prior authorization

Posts Tagged: prior authorization

Why Did my Health Insurance Deny My Claim!?

No! You expected your health insurance to cover a service, and then you get the dreaded letter that it’s been denied. Why do claims get denied and when does it actually matter (that’s right, sometimes it doesn’t matter)?

Your health plan might refuse to pay for a service or treatment you received for many reasons. It’s good to know whether it was denied because of the services themselves OR because of how your provider submitted it. Why is this important? Because in the first case, you’ll probably be responsible for paying the claim. In the second, you won’t be.

Here are some common reasons claims get denied where you could be responsible:

  • You didn’t get a referral or prior authorization when it was required
  • The service isn’t covered by your plan
  • You already used up your benefits for the service (like a cap on the number of physical therapy visits per year)
  • You went out of network when you have an HMO
  • Your insurance wasn’t effective at the time of the service

Don’t confuse these situations with those where a claim (or a portion of a claim) was denied because of how your provider submitted it to your insurance. This happens surprisingly frequently.  It might be that:

  • Your doctor didn’t submit the right billing code to your insurance plan
  • Your doctor didn’t submit the claim in the timeframe your insurance required
  • The service was actually covered as part of another claim or set of services
  • The claim is a duplicate that was already paid

You might see these things show up on your EoBs, or Explanation of Benefits–the statements you get from your health plan just informing you about your coverage (the ones that say “This is Not a Bill”). Just know that if your provider made a mistake submitting a claim, or your insurer found that it had already been paid for, you’re not responsible!

So before you panic, look into the reason for the denial. And if you believe you were billed unfairly for the cost, you can always appeal the decision. All health plans have to honor a process of reviewing claim appeals from their members.

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Making Sense of Drug Formularies

Every year, prescription drug plans seem to become more and more complicated. The question is no longer “Is my drug covered?” but how and when it’s covered. Going generic is not the only strategy to lowering your drug costs. Understanding your formulary will also help you budget, make smarter decisions, and save money.

A formulary is the list of drugs your health plan covers and the level of coverage for each. It should be sent to you with your plan documents or available online.  So what’s in a formulary? You’ll probably find some of these features:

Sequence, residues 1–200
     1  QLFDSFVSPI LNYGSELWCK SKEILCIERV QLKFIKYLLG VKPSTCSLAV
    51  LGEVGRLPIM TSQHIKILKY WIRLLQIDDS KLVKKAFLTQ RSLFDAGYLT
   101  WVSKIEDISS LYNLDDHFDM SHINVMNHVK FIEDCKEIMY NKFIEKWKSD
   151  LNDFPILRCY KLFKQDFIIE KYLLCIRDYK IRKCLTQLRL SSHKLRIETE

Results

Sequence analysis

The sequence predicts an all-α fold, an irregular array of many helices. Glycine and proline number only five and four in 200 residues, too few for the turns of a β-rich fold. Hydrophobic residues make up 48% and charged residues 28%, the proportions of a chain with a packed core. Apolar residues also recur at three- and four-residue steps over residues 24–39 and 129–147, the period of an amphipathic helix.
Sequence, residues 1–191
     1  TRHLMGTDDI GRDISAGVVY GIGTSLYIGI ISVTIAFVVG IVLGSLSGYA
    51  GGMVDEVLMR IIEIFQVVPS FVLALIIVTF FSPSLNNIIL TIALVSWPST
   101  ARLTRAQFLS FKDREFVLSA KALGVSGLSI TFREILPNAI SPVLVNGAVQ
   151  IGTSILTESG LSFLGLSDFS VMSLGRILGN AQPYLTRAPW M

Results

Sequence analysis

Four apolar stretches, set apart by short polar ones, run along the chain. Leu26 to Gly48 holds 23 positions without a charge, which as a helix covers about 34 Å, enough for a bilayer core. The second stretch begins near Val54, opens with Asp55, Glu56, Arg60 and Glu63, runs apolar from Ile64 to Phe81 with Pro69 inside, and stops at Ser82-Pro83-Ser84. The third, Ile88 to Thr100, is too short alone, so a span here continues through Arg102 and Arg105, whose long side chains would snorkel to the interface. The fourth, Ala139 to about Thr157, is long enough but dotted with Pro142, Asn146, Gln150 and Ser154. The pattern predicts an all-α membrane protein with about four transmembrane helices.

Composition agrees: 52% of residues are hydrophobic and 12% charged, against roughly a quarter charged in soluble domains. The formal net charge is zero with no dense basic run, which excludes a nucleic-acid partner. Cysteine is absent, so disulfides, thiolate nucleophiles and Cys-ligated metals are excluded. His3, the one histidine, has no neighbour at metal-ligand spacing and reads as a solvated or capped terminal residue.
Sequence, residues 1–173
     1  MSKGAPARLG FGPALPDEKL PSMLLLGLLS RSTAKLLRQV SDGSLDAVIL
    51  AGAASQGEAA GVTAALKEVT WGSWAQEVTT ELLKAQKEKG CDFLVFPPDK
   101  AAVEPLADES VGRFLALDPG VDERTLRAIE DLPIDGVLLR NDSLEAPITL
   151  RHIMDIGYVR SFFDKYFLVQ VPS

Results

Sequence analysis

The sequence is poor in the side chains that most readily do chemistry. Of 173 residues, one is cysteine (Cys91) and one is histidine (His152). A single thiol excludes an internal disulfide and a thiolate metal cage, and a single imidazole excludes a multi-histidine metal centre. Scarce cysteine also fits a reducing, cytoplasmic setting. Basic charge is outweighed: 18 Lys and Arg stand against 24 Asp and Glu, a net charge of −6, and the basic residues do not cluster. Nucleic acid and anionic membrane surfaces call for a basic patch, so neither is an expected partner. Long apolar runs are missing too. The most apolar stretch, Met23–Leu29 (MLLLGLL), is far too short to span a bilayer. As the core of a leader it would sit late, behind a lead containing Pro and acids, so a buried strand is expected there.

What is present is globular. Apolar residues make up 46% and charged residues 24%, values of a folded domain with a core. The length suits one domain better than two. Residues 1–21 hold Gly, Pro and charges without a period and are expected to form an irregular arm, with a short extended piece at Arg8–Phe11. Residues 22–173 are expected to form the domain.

Drug Tiers

Formularies divide the drugs that are covered into tiered categories. The higher the tier, the more expensive the drug. Tier 1 usually includes generic and low cost drugs; Tier 2 can include some more expensive generics and preferred brand name drugs (those where the insurer has been able to negotiate a discount with the drug supplier). Tier 3 includes non-preferred brand name drugs, and Tier 4 has the most expensive, specialty drugs.

It’s common for equivalent or similar drugs to appear in different tiers, so if your doctor prescribes a medication on Tier 2 or 3, ask if there is a Tier 1 version of it. Formularies are not the same across health plans—every insurer has a different list. So if you are shopping for new plans, be sure to check formulary coverage for each.

Prior Authorization

Some plans require authorization from your doctor before they cover a drug. This means your doctor will need to call, fax, or complete an online request before you fill the prescription. Sometime your doctor will also need to provide evidence that lower cost versions of the drug will not work for you given your health condition, or that you have tried other versions and had adverse effects. It can take one to three days for an authorization to be approved.

Step Therapy

Step Therapy is a process where you are required to try a lower cost version of a drug first, before the plan will pay for a more expensive version. The insurer will only cover the drug that is subject to Step Therapy if you find you do not react well to the low cost version.

Quantity Limits

Just like the name suggests, this rule means the plan will only cover a certain number of refills or a certain dosage of a particular drug over a period of time. A common quantity limit rule is only allowing refills every 30 days. If the quantity limit is a problem for you, your doctor can ask the insurer for an exception.